Puppy Farmers Who Sold Sick & Dying Puppies Guilty of Fraud

Essex puppy dealer found guilty and due to be sentenced alongside other conspirators .

Puppy dealers have pleaded guilty to fraud in connection with the breeding and selling of sick and dying puppies.

Teresa Wade (DoB: 4/5/59) of Ship Lane, Aveley, in Essex, pleaded guilty to one offence of conspiracy to commit fraud at Basildon Crown Court today (Wednesday 5 October) .

Victoria Montgomery (DoB: 5/12/61) of Melford Avenue, Barking, in London, changed her plea to guilty part-way through the four-week trial.

Her daughter, Roxanne Montgomery (DoB: 5/8/83) of Grafton Road, Dagenham, in London, and her partner Tony Hammond (DoB: 21/12/81), of Brunswick Court, Upminster, also in London, had already pleaded guilty to the same offence – of making false representations as to the condition of the puppies being sold, intending to make a gain – in July this year.

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The RSPCA launched an investigation into these puppy dealers after receiving dozens of calls from members of the public complaining about buying sick and dying puppies in Essex.

Undercover investigations for the animal welfare charity found that two houses were being used as front addresses’ to sell the dogs from, while they were transported there from a travellers’ site in Aveley.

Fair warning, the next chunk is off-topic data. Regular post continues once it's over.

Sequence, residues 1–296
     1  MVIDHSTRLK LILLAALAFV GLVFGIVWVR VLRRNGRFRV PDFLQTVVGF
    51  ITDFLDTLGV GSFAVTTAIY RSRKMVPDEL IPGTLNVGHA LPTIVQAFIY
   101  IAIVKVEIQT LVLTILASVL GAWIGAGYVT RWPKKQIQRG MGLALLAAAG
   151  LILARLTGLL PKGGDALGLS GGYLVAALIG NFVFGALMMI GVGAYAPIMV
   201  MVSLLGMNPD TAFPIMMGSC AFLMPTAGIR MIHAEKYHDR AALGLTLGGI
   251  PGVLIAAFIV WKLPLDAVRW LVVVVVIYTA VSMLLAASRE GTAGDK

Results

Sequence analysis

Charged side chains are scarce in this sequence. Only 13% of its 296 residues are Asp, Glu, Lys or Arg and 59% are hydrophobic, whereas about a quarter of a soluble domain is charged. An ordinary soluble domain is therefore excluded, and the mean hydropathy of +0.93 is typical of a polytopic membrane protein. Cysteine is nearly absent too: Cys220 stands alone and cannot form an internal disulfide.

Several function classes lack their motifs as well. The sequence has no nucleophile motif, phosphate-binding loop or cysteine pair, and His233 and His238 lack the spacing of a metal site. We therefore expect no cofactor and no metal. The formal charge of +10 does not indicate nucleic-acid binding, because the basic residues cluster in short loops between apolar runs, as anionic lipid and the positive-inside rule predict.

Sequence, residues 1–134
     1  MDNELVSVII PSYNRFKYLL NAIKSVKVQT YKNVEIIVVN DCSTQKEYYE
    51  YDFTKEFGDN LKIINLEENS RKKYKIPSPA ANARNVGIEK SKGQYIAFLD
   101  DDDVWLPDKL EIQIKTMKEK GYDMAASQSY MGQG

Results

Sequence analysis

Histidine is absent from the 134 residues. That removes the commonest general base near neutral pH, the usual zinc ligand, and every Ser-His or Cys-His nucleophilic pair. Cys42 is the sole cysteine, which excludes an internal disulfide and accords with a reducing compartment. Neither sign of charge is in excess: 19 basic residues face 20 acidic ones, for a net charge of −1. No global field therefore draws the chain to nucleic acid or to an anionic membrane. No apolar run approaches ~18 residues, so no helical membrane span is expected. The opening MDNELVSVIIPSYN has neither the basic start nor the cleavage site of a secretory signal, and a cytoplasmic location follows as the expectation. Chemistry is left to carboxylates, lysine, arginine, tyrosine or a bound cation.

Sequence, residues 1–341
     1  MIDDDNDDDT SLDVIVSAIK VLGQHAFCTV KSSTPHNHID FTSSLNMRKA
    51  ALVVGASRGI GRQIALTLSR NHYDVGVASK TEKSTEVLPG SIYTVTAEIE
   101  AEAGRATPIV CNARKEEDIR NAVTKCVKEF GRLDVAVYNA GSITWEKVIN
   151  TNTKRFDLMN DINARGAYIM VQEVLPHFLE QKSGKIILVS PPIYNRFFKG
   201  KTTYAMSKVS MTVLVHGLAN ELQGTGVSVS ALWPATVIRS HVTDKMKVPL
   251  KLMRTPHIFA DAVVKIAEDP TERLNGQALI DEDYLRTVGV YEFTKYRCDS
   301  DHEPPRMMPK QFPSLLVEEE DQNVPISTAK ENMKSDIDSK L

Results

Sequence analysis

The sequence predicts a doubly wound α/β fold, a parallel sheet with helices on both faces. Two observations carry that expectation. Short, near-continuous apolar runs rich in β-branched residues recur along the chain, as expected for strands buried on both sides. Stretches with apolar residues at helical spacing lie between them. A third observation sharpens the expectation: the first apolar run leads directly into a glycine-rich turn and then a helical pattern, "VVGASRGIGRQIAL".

RSPCA inspector Carroll Lamport, who led the investigation, said: “We received lots of complaints from members of the public who had bought puppies which were really poorly.

“Following some investigations, we found out that this network of puppy breeders and dealers were using front addresses to sell the dogs from, making out that they’d come from loving, family homes.

“The reality was far from that. These dogs were being bred and kept at a travellers’ site in Aveley, until it came time to advertise them online and sell them to unsuspecting members of the public when they were moved to these staged home environments.

“This is a tactic that more and more of these people are using to trick the public and to avoid raising any suspicions, and it’s something we are seeing increasingly in these cases.

“Some of the dogs, which weren’t being bred at the site, were being bought in from elsewhere. Many were too young and some coming from unknown circumstances, including a number believed to be from Welsh puppy farms.”

When the RSPCA and police executed a warrant at the site, officers found 76 dogs and puppies.

All of the dogs – a mix of poodles, cocker spaniels, cavachons, cockerpoos and golden doodles – were seized by police and placed into the RSPCA’s care along with one horse, one bird and five cats. A number of the bitches were pregnant and 27 additional puppies were born in RSPCA care.

Of the 103 dogs in total, four died and courts ordered for all the survivors to be rehomed by the charity ahead of the court case.

Inspector Lamport added: “All of the dogs have been successfully rehomed and are now living in good homes with loving families.

“But many needed intensive care and some have had ongoing problems following issues including parvovirus, campylobacter, and infections in eyes, ears and skin.”

Sentencing will take place on 8 December. A hearing is due to take place on a later date relating to animal welfare offences.

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